Lesson 6: Making Your Lessons Stick from Citizen Schools
Help with gauging your students' knowledge retention.
Download Lesson 6 (144KB)
Hopefully, after reading through this tutorial, you've come away with some learning techniques and even hard lesson plans that will enrapture your students and help them develop their WOW!, or end product. For you the mentor, a WOW! gives a tangible representation of things you've taught through the apprenticeship. In other words, it lets you assess whether or not your lessons have stuck.
Credit: Damien Scogin
Assessing what students have retained is important to all educational programs. Citizen Schools uses something called the learning triangle to give a visual representation of the path to retention. Moving from the base of the triangle to the top, this model shows that students retain the most and the deepest knowledge when they hear something, see it, discuss it, do it, and teach it back to someone else. Students who progress to the pinnacle of the triangle are often the ones who have absorbed the most.
To appreciate the importance of having students teach back, think about something you learned in school, such as the principle of natural selection or the atomic orbital theory. You may have thought you understood the concept until you tried to explain it to someone else. Teaching something out loud exposes all the holes in your knowledge. When you're able to teach back successfully, you've mastered the subject and will usually retain it for a long time.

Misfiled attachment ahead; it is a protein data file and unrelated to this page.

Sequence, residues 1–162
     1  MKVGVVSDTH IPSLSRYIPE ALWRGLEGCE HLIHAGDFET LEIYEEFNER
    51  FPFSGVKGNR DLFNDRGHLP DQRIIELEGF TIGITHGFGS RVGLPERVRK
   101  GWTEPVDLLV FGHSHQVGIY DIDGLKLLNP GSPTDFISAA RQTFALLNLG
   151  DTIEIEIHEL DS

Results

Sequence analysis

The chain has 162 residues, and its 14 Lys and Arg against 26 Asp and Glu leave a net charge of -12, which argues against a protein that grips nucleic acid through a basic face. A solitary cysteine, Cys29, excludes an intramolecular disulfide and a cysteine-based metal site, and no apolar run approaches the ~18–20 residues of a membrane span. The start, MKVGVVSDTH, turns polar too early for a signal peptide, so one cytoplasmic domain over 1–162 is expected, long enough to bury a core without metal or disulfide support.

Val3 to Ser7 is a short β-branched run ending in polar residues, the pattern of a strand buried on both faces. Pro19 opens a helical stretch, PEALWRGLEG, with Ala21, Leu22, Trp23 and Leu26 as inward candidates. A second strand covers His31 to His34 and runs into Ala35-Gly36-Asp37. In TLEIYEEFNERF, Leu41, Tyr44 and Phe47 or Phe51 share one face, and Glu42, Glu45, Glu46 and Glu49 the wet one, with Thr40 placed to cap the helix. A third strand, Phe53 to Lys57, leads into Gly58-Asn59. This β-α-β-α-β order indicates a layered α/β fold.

In essence, the goal of your entire apprenticeship is to have students reach the triangle's peak by preparing them for the WOW!. Keep track of your student's progress so they reach this end goal. During the final session, have students present their project or what they've learned to a larger group or just to one another. This will reveal to you how you did as a teacher, and more important, how the students did as students.
For more information on student assessment, watch the video Meeting Standards with Citizen Schools: Assessing the Citizen Student